There are many reasons why an application that appears to work locally may have performance issues or other problems when running on Shiny Server. We recommend starting by checking your application logs for any errors in your application. You can see your application logs by checking your log directory - see here. Note that you may need to set
preserve_logs true; in your configuration file to make sure that logs persist even if the application closes.
Here are some common issues that may be responsible:
- If you’re building your Shiny app on a different machine, your application may be dependent on code or environment variables that are only present in that local environment. Make sure your application is defining any environment variables that need to be set, your application is properly sourcing any external code, and your application folder on the Shiny Server includes all necessary files.
- Your application may be dependent on packages that are installed and loaded in your environment, but aren’t installed for the correct user on the Shiny Server. Make sure that all necessary packages are installed for the same user set under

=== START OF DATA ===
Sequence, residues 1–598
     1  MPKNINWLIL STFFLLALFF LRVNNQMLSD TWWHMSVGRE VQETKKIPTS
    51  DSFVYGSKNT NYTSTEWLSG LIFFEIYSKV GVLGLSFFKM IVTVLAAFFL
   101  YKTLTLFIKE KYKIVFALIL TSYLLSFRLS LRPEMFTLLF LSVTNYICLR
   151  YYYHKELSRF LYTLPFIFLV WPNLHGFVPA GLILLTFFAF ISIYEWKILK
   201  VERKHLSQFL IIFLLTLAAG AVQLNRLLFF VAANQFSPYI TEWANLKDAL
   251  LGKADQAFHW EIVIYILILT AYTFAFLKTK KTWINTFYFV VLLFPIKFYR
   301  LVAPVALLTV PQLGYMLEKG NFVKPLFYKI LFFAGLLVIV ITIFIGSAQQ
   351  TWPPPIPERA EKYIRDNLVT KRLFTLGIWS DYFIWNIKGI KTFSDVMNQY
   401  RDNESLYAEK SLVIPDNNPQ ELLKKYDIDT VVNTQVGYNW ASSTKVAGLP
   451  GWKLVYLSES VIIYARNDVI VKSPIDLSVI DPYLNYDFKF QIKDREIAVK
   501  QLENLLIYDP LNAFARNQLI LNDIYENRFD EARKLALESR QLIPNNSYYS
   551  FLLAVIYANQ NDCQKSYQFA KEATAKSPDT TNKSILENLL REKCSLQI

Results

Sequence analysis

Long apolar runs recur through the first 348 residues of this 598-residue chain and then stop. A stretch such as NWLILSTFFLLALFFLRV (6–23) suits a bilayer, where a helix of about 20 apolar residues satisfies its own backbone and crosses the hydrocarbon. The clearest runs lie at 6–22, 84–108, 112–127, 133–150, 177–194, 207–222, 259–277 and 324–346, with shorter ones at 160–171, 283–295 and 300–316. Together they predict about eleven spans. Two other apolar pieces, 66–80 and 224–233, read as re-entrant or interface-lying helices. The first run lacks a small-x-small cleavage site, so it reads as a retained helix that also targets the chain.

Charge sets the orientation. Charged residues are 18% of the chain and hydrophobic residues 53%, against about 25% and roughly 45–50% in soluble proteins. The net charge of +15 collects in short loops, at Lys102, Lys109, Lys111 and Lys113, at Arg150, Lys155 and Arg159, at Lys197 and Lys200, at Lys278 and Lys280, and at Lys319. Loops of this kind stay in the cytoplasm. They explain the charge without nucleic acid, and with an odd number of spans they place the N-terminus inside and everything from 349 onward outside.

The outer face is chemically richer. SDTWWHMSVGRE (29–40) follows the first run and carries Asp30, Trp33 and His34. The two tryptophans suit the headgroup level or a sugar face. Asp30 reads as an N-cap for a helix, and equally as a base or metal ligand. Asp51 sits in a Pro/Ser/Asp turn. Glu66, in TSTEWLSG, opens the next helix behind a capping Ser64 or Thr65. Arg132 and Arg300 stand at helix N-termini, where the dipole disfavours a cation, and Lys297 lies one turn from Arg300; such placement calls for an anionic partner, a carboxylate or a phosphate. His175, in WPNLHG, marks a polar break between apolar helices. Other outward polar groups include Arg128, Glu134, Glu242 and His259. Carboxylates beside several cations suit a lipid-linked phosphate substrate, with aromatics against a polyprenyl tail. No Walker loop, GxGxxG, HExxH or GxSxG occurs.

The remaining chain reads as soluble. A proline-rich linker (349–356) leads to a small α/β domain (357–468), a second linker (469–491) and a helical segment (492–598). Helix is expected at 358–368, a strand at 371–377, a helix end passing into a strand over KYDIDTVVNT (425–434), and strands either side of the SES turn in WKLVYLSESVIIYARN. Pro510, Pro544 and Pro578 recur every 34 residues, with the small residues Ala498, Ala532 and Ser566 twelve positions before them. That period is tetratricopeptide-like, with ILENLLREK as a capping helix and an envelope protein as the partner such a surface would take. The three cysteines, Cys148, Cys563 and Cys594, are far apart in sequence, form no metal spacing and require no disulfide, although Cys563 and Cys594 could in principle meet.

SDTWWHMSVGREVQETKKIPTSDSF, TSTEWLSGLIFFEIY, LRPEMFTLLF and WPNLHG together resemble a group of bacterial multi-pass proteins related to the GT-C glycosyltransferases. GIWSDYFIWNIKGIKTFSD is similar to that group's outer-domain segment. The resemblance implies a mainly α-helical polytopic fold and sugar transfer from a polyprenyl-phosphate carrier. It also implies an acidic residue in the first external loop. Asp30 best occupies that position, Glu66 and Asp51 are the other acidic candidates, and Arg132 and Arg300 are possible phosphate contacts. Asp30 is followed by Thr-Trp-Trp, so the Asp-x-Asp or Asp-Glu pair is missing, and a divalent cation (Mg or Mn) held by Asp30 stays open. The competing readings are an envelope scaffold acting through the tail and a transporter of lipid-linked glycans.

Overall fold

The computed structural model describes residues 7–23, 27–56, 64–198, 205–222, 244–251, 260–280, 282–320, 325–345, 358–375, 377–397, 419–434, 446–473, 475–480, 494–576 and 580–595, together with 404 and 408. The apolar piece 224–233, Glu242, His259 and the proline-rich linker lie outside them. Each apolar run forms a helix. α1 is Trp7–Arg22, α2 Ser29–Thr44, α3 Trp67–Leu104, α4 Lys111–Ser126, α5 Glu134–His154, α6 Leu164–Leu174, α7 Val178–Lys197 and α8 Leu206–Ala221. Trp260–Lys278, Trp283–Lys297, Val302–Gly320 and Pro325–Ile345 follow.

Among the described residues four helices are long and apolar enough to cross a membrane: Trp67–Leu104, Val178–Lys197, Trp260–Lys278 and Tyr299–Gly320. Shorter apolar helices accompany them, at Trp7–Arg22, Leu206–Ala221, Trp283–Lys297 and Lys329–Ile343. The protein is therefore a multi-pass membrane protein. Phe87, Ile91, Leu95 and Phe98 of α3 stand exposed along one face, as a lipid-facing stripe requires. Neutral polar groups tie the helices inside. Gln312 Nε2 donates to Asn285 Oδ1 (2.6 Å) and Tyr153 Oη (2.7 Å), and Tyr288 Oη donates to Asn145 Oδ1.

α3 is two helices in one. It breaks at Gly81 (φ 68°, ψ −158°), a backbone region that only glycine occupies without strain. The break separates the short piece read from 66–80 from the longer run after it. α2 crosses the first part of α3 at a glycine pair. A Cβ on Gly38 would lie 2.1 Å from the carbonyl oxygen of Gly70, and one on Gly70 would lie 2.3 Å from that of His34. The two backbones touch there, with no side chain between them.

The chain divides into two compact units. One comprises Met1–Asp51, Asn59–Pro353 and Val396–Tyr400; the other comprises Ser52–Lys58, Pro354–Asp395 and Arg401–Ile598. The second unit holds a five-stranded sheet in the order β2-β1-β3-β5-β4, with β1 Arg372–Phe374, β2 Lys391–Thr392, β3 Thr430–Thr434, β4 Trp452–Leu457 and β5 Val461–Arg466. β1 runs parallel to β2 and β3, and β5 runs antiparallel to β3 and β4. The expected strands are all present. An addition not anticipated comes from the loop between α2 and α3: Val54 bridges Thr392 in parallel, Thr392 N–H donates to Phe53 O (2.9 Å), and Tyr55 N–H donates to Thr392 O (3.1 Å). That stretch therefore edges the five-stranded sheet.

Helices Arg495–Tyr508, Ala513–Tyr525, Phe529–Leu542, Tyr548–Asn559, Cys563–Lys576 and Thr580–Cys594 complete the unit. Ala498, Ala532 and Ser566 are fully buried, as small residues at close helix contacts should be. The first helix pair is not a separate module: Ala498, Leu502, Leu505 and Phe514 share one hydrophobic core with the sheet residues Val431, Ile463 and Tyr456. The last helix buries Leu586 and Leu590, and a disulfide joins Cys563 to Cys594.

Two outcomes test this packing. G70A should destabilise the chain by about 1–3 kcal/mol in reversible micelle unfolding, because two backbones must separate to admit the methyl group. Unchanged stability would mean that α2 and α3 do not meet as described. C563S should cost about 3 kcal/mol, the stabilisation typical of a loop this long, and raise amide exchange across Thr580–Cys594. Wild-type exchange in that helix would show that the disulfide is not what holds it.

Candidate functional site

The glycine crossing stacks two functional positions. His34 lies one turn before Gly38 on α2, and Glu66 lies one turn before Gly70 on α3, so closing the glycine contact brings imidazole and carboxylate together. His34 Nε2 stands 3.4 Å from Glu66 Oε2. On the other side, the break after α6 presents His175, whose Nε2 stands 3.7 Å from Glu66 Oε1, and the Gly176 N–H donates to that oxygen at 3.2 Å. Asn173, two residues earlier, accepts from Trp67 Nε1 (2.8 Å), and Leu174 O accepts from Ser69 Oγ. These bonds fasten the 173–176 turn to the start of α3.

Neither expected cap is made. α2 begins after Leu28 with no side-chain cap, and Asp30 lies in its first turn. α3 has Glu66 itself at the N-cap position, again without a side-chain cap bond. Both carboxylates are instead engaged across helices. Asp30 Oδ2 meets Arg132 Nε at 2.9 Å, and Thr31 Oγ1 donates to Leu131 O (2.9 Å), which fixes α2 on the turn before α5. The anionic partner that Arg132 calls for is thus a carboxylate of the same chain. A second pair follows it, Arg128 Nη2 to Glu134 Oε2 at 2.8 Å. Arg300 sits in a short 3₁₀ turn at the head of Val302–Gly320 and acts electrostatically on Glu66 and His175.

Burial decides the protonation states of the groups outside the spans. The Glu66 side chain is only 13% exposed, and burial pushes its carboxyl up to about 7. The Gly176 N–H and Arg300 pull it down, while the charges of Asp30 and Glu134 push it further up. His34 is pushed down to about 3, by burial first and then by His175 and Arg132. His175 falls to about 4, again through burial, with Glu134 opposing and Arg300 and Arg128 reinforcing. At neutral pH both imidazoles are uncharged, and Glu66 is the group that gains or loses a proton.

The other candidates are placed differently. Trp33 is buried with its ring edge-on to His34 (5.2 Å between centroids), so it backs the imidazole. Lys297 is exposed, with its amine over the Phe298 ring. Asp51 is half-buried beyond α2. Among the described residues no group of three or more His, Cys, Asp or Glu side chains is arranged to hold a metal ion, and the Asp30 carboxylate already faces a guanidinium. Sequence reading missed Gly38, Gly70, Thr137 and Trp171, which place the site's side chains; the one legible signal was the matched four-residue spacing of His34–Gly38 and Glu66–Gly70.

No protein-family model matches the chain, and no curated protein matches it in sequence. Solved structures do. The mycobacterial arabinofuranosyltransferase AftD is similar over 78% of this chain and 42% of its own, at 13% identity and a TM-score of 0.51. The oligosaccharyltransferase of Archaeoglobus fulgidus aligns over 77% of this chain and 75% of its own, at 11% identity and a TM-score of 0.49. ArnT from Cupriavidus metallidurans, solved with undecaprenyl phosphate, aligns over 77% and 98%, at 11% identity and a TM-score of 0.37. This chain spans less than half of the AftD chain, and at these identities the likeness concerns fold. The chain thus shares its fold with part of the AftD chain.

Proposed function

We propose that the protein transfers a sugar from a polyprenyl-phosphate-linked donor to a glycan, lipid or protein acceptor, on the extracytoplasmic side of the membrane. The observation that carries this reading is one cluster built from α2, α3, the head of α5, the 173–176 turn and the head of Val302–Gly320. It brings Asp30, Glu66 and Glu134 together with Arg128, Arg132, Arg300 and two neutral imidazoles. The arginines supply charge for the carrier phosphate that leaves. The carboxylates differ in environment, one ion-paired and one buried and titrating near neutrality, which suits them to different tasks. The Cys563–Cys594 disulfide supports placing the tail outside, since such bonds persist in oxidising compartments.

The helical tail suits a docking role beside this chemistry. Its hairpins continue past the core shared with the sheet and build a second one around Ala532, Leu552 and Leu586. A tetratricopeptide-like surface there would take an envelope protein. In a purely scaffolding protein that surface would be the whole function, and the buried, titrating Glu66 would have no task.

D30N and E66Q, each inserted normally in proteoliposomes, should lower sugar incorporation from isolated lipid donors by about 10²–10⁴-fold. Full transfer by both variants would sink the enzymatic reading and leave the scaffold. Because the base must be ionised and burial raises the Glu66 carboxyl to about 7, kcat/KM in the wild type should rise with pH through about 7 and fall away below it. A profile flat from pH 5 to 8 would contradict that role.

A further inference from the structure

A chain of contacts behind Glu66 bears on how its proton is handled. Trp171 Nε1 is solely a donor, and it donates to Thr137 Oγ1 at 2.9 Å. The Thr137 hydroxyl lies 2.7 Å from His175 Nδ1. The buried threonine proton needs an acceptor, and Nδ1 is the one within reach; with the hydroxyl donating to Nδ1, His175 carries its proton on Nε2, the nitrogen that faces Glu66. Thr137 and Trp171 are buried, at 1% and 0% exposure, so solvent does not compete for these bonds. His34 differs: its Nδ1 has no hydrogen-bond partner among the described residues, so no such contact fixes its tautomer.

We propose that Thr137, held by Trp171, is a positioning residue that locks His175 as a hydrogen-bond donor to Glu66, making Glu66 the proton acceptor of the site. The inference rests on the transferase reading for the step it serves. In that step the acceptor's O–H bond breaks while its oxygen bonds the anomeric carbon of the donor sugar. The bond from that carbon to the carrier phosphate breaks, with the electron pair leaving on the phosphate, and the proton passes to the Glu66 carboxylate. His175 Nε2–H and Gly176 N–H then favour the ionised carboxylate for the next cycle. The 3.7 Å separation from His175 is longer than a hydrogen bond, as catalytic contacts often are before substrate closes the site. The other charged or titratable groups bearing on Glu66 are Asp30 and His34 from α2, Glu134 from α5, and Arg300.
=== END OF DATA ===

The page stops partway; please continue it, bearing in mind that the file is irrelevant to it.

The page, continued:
run_asin your Shiny Server configuration file.
- Make sure you’ve installed the same versions of all packages on the Shiny Server as you have locally, including the
shinypackage itself. Differences in packages or dependencies may lead to errors in your code.
- Using absolute file paths instead of relative paths. For example, the following two examples may fail, especially if they refer to locations on your local machine rather than on the server:
- Linux or Mac:
Ideally, your application should reference the data file by a path relative to the application, e.g.,
read.csv("data/myfile.csv"). If not, you should make sure the path given is one that exists on the server and the file in question exists and is readable in that location.
- Attempting to change the working directory. This is a corollary to the previous item. The working directory is the directory where your
server.Rfiles reside. If you need to reach files in a subdirectory, you should use relative paths rather than changing the working directory. For example, the following two examples will fail:
- Linux or Mac:
- Attempting to access resources that are not reachable from your Shiny Server
- Use of packages that require Windows (Shiny Server runs on Linux)
- Use of packages that require access to the display (e.g., packages that require Tcl/Tk)
- Your application may be failing when it comes under the load of several users. This could happen for a variety of reasons, including but not limited to:
- Forgetting to close each database connection after loading in data (the connection limit may be hit)
- Making multiple long-running calls to a public API (the API request limit may be hit)
- Sub-optimal application scaling or tuning (see our Troubleshooting applications in Shiny Server article)